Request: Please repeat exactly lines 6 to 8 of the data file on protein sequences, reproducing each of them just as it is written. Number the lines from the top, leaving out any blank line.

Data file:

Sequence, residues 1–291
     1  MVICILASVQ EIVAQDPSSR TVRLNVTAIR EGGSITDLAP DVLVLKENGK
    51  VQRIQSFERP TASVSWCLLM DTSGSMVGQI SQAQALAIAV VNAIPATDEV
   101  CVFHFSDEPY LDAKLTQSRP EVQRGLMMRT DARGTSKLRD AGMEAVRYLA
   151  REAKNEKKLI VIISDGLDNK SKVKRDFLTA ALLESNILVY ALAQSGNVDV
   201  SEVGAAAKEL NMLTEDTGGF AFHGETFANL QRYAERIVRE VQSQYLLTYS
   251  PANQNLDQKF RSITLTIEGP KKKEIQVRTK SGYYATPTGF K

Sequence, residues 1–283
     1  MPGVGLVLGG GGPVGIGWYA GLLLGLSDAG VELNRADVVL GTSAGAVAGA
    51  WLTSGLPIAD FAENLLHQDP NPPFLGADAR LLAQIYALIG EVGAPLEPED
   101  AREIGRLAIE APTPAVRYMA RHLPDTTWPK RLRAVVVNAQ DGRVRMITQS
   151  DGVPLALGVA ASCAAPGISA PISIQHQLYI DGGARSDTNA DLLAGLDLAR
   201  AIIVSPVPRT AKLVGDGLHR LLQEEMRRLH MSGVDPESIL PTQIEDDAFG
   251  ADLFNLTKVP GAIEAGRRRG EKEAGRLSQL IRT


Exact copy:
   201  SEVGAAAKEL NMLTEDTGGF AFHGETFANL QRYAERIVRE VQSQYLLTYS
   251  PANQNLDQKF RSITLTIEGP KKKEIQVRTK SGYYATPTGF K

Sequence, residues 1–283